When Men Divulge: Portrayals of Men's Self-Disclosure in Prime Time Situation Comedies

When Men Divulge: Portrayals of Men's Self-Disclosure in Prime Time Situation Comedies The media have been widely criticized for promoting unhealthy images of masculinity. To better understand how men are portrayed on television, we analyzed male characters' self-disclosures on television. From the 11 most highly rated situation comedies, 1,320 min of programming were examined, in which 328 incidents of self-disclosure were identified. Results indicated that male characters disclosed an average of once every 4.08 min (5.96 times per 24-min episode), disclosed more often to male than to female characters, and expressed negative emotions more frequently to male than to female characters. Male characters self-disclosed freely and comfortably, and they were moderately emotionally expressive and personally revealing. They typically received somewhat favorable responses from others to their disclosures. However, the demographic characteristics of the characters failed to represent the diversity of U.S. society. Potential implications for television and society are discussed, and directions for future research are suggested. http://www.deepdyve.com/assets/images/DeepDyve-Logo-lg.png Sex Roles Springer Journals

When Men Divulge: Portrayals of Men's Self-Disclosure in Prime Time Situation Comedies

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Publisher
Springer Journals
Copyright
Copyright © 2002 by Plenum Publishing Corporation
Subject
Psychology; Gender Studies; Sociology, general; Medicine/Public Health, general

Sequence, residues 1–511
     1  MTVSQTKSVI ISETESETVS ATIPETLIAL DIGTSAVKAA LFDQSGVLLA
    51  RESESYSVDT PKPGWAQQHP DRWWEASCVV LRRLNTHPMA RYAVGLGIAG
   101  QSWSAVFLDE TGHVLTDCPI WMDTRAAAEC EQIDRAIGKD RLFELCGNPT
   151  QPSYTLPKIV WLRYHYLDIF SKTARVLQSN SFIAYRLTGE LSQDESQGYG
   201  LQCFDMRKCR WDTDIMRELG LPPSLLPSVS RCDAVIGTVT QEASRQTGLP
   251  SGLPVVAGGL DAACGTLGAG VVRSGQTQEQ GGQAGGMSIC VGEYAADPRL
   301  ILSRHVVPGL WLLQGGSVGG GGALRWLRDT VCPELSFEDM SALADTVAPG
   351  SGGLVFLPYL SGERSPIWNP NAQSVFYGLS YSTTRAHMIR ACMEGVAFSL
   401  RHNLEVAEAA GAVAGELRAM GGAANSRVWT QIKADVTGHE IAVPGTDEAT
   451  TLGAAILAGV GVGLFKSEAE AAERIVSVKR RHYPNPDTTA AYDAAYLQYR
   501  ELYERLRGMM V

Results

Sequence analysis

ISSN
0360-0025
eISSN
1573-2762
D.O.I.
10.1023/A:1020465614624
Publisher site
See Article on Publisher Site

Abstract

The media have been widely criticized for promoting unhealthy images of masculinity. To better understand how men are portrayed on television, we analyzed male characters' self-disclosures on television. From the 11 most highly rated situation comedies, 1,320 min of programming were examined, in which 328 incidents of self-disclosure were identified. Results indicated that male characters disclosed an average of once every 4.08 min (5.96 times per 24-min episode), disclosed more often to male than to female characters, and expressed negative emotions more frequently to male than to female characters. Male characters self-disclosed freely and comfortably, and they were moderately emotionally expressive and personally revealing. They typically received somewhat favorable responses from others to their disclosures. However, the demographic characteristics of the characters failed to represent the diversity of U.S. society. Potential implications for television and society are discussed, and directions for future research are suggested.

Journal

Sex RolesSpringer Journals

Published: Oct 13, 2004

References

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